cartoon of REaD Group Director, Scott Logie, running with a glass of wine surrounded by a dog, 3 cats and chickens as an example of segmentation

by Scott Logie, MD, Insight at REaD Group

Many years ago, in the last millennium in fact, I worked in a large UK Bank.  One of the projects we undertook was to segment our customer base.  We started by breaking it down into lifestages, clustered each lifestage and then grouped them together.  We then overlaid a lot of data including attitudes, lifestyle and detailed customer research by segment.  This segmentation was then responsible for helping create the underlying marketing strategy.  And one that worked amazingly well, we were getting up to 25% response rate on some of our outbound direct mail campaigns.

This wasn’t my first segmentation project although it was probably the biggest I’d tackled at that point.  Since then I have been involved in many many more and frankly, I love them. Not just from a data point of view – they are pretty fun though – but also because they always throw up some exciting, interesting and useful segments for our clients.

Over the years, I’ve got pretty pissed off hearing about the death of segmentation.  Because we can track the behaviour of every individual on-line, and have the technology to create bespoke plans for each of them, there is now no need to segment.

The truth is that when you have millions of customers, and prospects, to engage with, you can’t make every decision based on a detailed and personalised plan for every individual. So segmentation is actually still really useful and for me is the bridge between mass marketing and the nirvana of one-to-one marketing.

And segmentation exists in endless varieties. From the micro-segmentation of traffic arriving at websites, to the attitudinal or behavioural segmentation of a brand’s customers, to the socio-economic segmentation of voters, to the geo-demographic segmentation of media consumers, there is segmentation at work everywhere, and with increasing sophistication.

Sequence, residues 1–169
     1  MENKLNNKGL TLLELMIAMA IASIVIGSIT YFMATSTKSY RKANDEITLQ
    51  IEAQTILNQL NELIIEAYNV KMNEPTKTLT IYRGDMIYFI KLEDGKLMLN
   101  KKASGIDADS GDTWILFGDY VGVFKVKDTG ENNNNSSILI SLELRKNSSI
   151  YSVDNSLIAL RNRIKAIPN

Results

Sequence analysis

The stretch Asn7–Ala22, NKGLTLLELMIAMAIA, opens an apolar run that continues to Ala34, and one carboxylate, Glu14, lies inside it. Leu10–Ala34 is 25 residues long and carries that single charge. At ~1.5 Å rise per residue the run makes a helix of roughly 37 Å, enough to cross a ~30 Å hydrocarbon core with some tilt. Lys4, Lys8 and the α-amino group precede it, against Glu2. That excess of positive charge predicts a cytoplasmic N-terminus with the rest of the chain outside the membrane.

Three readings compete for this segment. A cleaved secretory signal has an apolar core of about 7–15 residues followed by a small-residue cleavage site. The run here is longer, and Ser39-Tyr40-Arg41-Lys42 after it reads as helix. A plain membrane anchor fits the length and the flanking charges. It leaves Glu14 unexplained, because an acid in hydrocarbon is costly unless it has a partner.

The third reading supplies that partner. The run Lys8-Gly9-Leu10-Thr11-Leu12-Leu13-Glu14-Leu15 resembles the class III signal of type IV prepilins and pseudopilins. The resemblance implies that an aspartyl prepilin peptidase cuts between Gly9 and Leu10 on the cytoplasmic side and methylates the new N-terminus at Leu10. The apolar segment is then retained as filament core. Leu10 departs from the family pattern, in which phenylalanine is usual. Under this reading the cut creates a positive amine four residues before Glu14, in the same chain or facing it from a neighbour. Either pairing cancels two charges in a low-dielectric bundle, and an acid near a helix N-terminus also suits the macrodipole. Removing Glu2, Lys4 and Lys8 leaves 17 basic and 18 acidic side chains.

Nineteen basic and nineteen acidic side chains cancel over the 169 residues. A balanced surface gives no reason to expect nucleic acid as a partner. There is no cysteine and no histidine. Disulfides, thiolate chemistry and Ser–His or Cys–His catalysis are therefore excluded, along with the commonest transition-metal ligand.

Segmentation is quite straight forward to do and powerful when used correctly. While each of us are our own person, in many ways we still act like a lot of other people. We actually do exhibit common patterns of behaviours and attitudes, and it is useful for brands to acknowledge and act on those patterns.

However, there are some important considerations when looking to create a segmentation.

First, be clear about the usage that a given segmentation approach is intended to address. All segmentations answer some questions but no segmentation answers all questions. Maybe you want to retain your most valuable segments then the segmentation needs to be lead by value.  Maybe you want to understand where there is market potential, then the segmentation needs to address an overall market.  Or maybe you need to understand the demographics and behaviours of your customers to drive content and creative, then the segmentation needs to be demographics led.  It might sound obvious but a lot of segmentations are done without thinking about how they will be used.

Secondly, think about the data.  A lot of the time I feel that data is chucked at a segmentation.  I’ve been guilty of this myself, just throw all the data in and see what happens.  Over time, I’ve learned that this is dangerous.  Notwithstanding all the statto needs to normalise, scale and deal with data anomalies there are other important things to consider.  The most important of these I believe is to split the data into what is going to be useful to create the segments and what is better being used to describe the segments – this is not always the same data.    

Finally, this is not a data project.  Segmentation is a customer project.  I know it starts with the data but it should end with creative ways to engage customers and prospects and, sadly, that is never going to happen if the project sits in a data team (sorry geeks).  So it is really important to engage the whole team early, get them to understand what is being done and why and that this project will fly if they get involved and give it some life.  Some of the best projects I’ve been involved in are the ones where creative marketers owned the segmentation.

So the next time someone tells you that segmentation is dead, tell them you don’t think so.  In fact, not only is it not dead but it is alive and well and thriving for brands that want to build bespoke campaigns for their customers.  Tell them you are proud to be one of the people who sits in the segment called “believers”.